OCD and ASD: How can you tell the difference?

Many of the symptoms of ASD and OCD overlap or appear similar, so it is no surprise that the manifestations of these conditions can sometimes be confusing. Children with ASD often display repetitive or obsessive behaviors, extreme need to adhere to routine, resistance to change, and social anxiety. When these feelings are a product of ASD, they are referred to as self-stimulatory (for the purpose of this blog, we will refer to them as “stims”) behavior. Children with OCD frequently exhibit these traits as well, but they are different due to the thought processes involved behind them.

So, what are the important differences between OCD and stims in ASD? The key difference is the motivation for these behaviors, not the behaviors themselves. Similarly, OCD and ASD can be easily differentiated by learning the person’s own opinion or feelings regarding these behaviors and symptoms.

OCD, ASD and Fear

In people with OCD, obsessive behaviors and thoughts are typically followed by uncomfortable feelings stemming from the need to partake in them and often start with sensations of great dread and fear. In other words, a child or adult who must repeat the same task or think things through over and over may be very aware that this is unnecessary and even unreasonable but is often overcome with very strong feelings that trigger this pattern. People of all ages who have OCD often wants these behaviors gone and feel like they interfere with their daily life and values. They may even actively seek help and work towards changing them.

In contrast, a person with ASD does not usually feel guilt or regret based on their need to have to do things their own way. The repetitive behaviors or thoughts are done because they evoke a good feeling in them, which stands in stark contrast from the feelings or imminent danger, fear or regret that accompany OCD.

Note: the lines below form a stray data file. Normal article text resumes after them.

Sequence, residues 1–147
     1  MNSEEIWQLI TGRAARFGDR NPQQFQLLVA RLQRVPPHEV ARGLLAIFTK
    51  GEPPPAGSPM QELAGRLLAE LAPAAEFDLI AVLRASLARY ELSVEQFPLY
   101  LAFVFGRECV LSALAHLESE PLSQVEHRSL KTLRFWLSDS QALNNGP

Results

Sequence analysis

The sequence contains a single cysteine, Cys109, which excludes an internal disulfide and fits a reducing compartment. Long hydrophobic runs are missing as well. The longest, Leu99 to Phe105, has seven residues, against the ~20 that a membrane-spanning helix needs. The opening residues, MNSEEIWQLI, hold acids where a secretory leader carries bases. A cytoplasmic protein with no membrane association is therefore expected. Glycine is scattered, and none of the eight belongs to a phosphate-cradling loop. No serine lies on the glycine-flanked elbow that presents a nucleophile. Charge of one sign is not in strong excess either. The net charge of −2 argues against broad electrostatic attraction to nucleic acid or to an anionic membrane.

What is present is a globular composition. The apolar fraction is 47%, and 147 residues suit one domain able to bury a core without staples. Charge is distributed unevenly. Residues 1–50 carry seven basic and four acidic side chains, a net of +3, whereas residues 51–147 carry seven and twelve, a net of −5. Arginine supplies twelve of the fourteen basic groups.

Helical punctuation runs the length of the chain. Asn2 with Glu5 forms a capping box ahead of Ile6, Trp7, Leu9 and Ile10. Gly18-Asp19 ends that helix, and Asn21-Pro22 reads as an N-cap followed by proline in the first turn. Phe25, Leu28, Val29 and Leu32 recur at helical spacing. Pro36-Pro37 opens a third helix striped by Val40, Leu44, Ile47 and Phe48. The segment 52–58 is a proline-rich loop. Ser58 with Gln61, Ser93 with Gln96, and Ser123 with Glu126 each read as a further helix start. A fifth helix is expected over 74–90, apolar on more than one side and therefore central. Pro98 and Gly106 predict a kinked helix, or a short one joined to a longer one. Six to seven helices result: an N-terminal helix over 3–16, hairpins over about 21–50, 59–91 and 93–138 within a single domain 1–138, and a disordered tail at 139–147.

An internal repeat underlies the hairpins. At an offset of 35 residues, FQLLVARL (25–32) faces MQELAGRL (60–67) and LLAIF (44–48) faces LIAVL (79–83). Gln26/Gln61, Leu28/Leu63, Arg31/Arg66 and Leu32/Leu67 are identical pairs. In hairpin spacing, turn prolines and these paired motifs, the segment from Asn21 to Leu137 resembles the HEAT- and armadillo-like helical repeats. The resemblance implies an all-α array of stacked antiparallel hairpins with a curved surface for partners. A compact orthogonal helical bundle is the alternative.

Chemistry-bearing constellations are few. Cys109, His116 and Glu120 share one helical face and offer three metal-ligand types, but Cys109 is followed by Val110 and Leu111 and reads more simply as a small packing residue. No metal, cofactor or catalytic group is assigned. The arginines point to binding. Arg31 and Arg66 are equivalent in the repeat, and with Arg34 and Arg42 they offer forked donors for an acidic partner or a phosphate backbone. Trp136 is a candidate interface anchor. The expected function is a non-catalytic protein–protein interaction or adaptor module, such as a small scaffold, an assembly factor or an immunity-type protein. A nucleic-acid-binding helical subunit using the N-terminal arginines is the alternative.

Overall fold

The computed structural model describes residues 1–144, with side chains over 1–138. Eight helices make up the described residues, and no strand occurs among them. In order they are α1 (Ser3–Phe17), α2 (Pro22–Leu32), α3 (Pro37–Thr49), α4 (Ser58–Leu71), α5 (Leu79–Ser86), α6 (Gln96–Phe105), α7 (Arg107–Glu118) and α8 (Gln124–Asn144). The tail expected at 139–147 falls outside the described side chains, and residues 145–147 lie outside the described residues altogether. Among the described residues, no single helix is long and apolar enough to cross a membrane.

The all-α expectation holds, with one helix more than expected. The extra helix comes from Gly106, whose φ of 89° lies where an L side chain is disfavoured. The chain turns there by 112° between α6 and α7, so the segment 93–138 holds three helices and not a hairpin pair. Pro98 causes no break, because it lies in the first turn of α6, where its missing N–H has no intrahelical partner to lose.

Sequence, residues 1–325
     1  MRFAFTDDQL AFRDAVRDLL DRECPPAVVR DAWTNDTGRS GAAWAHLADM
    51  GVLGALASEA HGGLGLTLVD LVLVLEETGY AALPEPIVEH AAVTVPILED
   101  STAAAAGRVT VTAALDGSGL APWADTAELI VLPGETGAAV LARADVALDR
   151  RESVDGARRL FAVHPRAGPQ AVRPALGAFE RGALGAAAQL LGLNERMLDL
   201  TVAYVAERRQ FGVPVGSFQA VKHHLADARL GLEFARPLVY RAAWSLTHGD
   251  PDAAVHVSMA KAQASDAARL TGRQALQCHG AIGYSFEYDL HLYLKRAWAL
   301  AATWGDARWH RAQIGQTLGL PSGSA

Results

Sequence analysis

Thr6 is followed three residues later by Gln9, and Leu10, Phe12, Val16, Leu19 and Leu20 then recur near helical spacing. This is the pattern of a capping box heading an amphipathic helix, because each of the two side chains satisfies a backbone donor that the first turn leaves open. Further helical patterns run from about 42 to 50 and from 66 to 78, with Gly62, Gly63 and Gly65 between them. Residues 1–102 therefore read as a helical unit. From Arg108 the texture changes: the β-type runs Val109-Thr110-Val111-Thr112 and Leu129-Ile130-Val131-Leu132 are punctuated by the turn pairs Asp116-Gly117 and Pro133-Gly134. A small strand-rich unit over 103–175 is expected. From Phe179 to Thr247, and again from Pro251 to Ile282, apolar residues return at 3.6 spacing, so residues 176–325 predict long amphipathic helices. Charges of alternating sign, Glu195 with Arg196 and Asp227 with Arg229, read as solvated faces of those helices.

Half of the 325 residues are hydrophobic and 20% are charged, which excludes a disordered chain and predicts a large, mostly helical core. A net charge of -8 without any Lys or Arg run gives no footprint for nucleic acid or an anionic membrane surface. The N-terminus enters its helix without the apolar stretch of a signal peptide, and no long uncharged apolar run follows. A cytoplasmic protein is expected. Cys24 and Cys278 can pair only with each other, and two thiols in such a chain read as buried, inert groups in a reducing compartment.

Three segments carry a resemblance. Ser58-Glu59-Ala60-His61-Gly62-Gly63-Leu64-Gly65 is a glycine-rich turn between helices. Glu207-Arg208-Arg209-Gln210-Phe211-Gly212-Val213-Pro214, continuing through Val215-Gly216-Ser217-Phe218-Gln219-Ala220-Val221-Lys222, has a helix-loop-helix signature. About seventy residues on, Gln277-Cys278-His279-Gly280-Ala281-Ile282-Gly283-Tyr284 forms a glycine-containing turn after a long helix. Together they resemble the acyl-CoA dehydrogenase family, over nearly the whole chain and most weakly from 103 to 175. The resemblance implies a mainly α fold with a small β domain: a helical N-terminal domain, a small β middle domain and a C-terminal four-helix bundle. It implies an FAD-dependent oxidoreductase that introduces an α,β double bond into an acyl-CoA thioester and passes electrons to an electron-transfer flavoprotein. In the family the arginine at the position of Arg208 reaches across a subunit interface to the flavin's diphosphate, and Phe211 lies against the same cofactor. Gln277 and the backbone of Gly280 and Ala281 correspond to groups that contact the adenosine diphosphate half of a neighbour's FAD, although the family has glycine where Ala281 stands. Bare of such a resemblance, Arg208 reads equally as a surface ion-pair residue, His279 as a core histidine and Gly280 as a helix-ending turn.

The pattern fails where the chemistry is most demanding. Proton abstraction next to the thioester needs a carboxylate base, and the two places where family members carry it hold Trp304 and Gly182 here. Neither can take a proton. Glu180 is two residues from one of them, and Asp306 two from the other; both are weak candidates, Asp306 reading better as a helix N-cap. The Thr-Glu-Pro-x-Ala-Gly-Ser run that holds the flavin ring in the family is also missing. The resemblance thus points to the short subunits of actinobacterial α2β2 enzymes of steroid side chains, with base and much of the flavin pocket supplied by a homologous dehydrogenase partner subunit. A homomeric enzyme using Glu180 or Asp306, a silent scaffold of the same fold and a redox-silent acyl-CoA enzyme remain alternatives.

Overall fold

A simple test to understand your child’s motivations

When trying to identify the condition associated with these symptoms, it is very useful to ask your child whether they engage in obsessive or repetitive behavior out of fear. Ask your child if they believe that something bad will happen if they don’t act the way they do when you observe these repetitive actions.

It is also extremely useful to observe the result of trying to stop these behaviors or actions from occurring. A repetitive act in OCD is different from a stim in ASD in that it is related to very deep and strong fears. While a child with ASD won’t be distressed and may shift to a new activity or behavior if you interfere, a child with OCD may become so overwhelmed and distressed that they will refuse to stop and may even have strong emotional reactions. Of course, all children are different so doing this more than once and with professional guidance would yield the best results. It is important to realize that no test is foolproof. Regardless, it can be a good starting point in allowing you to pinpoint the underlying cause for these behaviors.

In conclusion, it is important to understand that OCD and ASD share some similar symptoms, but the causes and thought processes behind them are very different and, therefore, warrant very different treatments and therapies. It is, therefore, very important to be observant and willing to act and ask the right questions.

#ObsessiveCompulsiveDisorder #ASDBehavior #ASDParents #ASDSupport #MildASD #ASDTeaching #ChildrenwithASD #ASDNetwork #AutismSpectrum #UAEAutism #AutismSpectrumDisorder

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